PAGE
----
“You need a community of folks that aren’t screaming vulgarities every ten seconds, or the griefers or the harassers, those types of folks,” says Microsoft’s Mike Lavin.
“What we’re looking at doing is creating a very robust system around reputation and match-making,” says Microsoft’s Mike Lavin. The Xbox One’s new Reputation system is intended to do just that. If a person’s on your friend list, Microsoft doesn’t intend to do anything to it; your friends are your friends. But the anonymous folks screaming abuse, the harassers, the griefers, they don’t help to build a community. “If there’s a few per cent of our population that are causing the rest of the population to have a miserable time,” says Lavin, “we should be able to identify those folks.” Identify, and do something about.
The Reputation system is Microsoft’s way of doing exactly that. People who play well with others get to create their own community of like-minded folks, while those who can’t will be herded into a group of people similar to them. Lavin was reluctant – even when prodded – to call that grouping griefer hell, but did say “I would not necessarily want to play with those folks.” It’s not an automatic process, but repeated offenders will see their Reputation dip, and dip, until you end up down there with the wrathful, struggling in the waters of the Styx.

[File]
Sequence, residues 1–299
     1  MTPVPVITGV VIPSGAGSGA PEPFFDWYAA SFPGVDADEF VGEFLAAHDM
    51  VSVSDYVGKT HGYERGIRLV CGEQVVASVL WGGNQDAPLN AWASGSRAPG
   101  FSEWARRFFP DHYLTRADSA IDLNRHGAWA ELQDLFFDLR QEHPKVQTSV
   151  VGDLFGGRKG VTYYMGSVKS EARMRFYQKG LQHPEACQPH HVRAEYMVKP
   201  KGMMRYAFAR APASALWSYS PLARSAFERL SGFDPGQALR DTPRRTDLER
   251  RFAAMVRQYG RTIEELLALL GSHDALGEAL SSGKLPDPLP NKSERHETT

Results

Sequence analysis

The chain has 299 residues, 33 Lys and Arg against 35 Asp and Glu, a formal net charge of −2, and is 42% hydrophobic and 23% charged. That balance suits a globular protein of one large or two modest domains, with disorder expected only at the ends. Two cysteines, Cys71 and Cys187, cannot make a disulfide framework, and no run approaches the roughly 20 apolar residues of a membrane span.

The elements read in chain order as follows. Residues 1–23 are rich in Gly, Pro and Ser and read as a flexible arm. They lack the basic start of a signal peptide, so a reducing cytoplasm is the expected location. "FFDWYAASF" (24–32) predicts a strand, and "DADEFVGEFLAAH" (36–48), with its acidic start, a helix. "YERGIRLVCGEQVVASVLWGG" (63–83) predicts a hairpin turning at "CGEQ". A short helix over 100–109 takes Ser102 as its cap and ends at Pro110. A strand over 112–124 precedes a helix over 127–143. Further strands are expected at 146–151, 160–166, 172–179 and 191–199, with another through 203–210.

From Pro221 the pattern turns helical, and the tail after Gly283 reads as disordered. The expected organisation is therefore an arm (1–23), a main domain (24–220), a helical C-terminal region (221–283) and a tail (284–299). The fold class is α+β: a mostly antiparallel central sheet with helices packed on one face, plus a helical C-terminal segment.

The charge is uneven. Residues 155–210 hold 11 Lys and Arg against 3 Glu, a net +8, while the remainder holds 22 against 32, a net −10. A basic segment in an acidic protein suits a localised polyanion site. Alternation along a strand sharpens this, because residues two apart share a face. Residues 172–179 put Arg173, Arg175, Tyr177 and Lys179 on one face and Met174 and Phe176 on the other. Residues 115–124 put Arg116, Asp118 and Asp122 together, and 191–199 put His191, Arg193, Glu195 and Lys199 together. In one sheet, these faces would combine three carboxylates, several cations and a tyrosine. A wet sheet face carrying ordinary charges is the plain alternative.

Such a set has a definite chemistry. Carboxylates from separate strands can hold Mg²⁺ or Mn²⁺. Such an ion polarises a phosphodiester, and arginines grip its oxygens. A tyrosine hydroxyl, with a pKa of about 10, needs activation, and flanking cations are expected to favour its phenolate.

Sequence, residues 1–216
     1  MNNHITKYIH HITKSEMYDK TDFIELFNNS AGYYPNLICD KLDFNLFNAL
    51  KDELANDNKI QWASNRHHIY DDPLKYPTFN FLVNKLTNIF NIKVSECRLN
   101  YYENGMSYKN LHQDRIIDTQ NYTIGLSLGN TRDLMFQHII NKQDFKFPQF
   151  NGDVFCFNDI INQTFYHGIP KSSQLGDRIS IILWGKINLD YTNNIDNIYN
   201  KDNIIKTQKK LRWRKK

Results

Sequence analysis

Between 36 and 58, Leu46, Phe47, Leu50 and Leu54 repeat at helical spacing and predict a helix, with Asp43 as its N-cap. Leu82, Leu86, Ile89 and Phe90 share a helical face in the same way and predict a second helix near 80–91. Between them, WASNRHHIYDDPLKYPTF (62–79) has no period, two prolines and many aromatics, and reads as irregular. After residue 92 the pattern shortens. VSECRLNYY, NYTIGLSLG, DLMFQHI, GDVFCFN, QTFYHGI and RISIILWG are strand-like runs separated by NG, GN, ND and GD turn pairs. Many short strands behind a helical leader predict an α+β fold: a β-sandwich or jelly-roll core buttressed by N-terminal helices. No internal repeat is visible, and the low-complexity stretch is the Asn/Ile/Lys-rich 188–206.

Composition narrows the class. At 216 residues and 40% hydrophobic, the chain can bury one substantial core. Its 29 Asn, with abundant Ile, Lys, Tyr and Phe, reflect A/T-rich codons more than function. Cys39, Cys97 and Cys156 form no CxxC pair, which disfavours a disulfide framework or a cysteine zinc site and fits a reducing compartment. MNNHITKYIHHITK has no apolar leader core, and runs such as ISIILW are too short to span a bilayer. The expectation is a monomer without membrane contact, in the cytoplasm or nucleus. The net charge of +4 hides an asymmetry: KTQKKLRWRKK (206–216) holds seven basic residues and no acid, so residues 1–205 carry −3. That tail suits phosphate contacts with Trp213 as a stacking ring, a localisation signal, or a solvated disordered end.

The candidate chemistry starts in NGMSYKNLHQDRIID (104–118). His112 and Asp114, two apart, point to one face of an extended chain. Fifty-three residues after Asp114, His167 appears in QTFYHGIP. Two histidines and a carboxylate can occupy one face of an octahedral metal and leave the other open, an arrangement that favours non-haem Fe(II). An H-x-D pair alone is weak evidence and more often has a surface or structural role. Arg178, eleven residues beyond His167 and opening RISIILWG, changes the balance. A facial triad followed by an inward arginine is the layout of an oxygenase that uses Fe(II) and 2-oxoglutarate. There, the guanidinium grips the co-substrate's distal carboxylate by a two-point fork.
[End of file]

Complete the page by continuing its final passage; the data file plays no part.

“We’re one of the only platforms that really takes an interest in exploring and investigating major problems,” Lavin concluded, “and this extends from sexual harassment, to age harassment, to gender to everything else under the sun.” In the ideal, Xbox One’s Reputation system will allow the developer to create the online community it wants, rather than endure the one it gets.